Batch adsorption experiments were applied, by dispersing 0.01 g of the POP with 10 mL of CPX solution in a 50 mL centrifuge tube at desired concentration (100–10,000 mg/L) at 25 °C, pH of 4–5 (pH of water) and shaken at 150 rpm for 2 h (100 r/min) and then centrifuged. The adsorption kinetics was determined at two initial CPX concentration Ci = 5000 and 10,000 mg/L. At various time intervals, 10 mL of supernatant was withdrawn for analysis. Kinetic experiments show that the equilibrium was reached in 30 min; hence, 2-h contact time was chosen in the further experiment to make sure that equilibrium was obtained. Using UV spectrophotometer, the CPX concentration of the supernatant was calculated at a corresponding wavelength (λ) of 273 nm. All experiments have been carried out at least twice and then the adsorption amount was calculated. To prevent the photo degradation of CPX, the whole tubes of the adsorption experiment were kept in a dark place.
Where Ci and Ce are the initial and equilibrium concentration (mg/L) of CPX, m is the mass of the POP (g) and V is volume of solution (L).
Result and discussion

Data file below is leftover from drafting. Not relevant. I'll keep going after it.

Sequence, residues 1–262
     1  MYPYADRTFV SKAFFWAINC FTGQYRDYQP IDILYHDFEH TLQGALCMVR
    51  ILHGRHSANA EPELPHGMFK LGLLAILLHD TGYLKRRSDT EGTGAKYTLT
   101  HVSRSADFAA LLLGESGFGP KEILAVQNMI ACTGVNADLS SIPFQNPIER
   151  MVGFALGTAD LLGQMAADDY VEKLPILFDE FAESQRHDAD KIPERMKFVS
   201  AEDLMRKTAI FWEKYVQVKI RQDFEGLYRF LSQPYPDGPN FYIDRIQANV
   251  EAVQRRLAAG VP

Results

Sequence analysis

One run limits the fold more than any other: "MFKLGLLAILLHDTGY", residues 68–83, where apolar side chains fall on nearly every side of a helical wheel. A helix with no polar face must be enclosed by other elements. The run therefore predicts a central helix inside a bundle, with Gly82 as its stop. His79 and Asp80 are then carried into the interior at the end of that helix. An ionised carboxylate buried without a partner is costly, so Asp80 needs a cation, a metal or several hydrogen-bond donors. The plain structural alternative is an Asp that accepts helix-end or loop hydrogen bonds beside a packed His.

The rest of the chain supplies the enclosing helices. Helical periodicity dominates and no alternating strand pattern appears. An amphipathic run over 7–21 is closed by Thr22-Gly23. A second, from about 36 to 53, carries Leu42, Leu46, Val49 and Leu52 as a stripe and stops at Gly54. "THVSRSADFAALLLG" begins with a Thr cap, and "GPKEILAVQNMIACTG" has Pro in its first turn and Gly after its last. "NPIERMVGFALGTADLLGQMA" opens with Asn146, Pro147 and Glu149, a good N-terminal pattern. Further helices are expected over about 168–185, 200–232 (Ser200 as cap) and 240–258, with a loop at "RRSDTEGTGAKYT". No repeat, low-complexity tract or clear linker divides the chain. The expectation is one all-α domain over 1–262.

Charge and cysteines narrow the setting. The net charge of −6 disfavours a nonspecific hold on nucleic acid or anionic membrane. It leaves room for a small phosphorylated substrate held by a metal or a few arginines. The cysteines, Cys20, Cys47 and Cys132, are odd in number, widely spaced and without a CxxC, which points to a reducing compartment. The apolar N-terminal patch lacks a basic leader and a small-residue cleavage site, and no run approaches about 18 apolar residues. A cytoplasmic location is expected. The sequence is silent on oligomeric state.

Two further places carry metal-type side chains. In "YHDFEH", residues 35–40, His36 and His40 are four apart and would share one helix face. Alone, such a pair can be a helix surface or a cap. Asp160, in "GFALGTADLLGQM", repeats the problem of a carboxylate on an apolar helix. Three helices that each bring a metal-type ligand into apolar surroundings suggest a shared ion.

Particle size and zeta potential of POP
Scanning electron microscopy (SEM) of POP
FTIR of the POP before and after adsorption of CPX
The spectrum pattern of POP after adsorption (POP/CPX) occurred changes in the corresponding peak of POP in comparison before adsorption which caused by adsorption process. The characteristic bands of POP at 3403 cm^{−1}, 2928.41 cm^{−1}, 1736.8 cm^{−1}, 1618.16 cm^{−1}, and 1037.01 cm^{−1} shift to 3435.33, 2926.13, 1720.56, 1629.57, and 1030.42 cm^{−1} due to the adsorption of CPX on POP surface.
Kinetic of CPX adsorption: non-linear regression analysis
In the recent years, adsorption mechanisms are explained by involving kinetic-based models which describe the reaction order of adsorption systems based on solution concentrations. In the present study, we used Lagergren pseudo-first-order kinetic model (Febrianto et al. 2009) and pseudo-second-order (Özacar and Şengil 2006; Tiwari et al. 2013). The kinetic parameters of CPX adsorption onto POP were determined using non-linear regression analysis.
Pseudo-first-order kinetic model (PFO)
Differential and non-linear form of pseudo-first-order and second-order
Kinetic model | Differential equation | Non-linear equation |
---|---|---|
Pseudo-first-order Pseudo-second-order | dq_{t}/dt = k_{f}(q_{e} − q_{t}) dq_{t}/dt = (q_{e} − q_{t})^{2} | q_{t} = q_{e}(1 − exp^{−kf t}) q_{t} = (q_{e})^{2}k_{s}t / (1 + k_{s}q_{e}t) |
Pseudo-second-order kinetic model (PSO)
On the integration of Eqs. 2 and 3 with boundary conditions, q_{t} varying from 0-q_{t} when t varies from 0-t, gives non-linear form of pseudo-first and non-linear form of pseudo-second-order kinetic model (Ho and Chiang 2001) as shown in Table 1.
Statistical analysis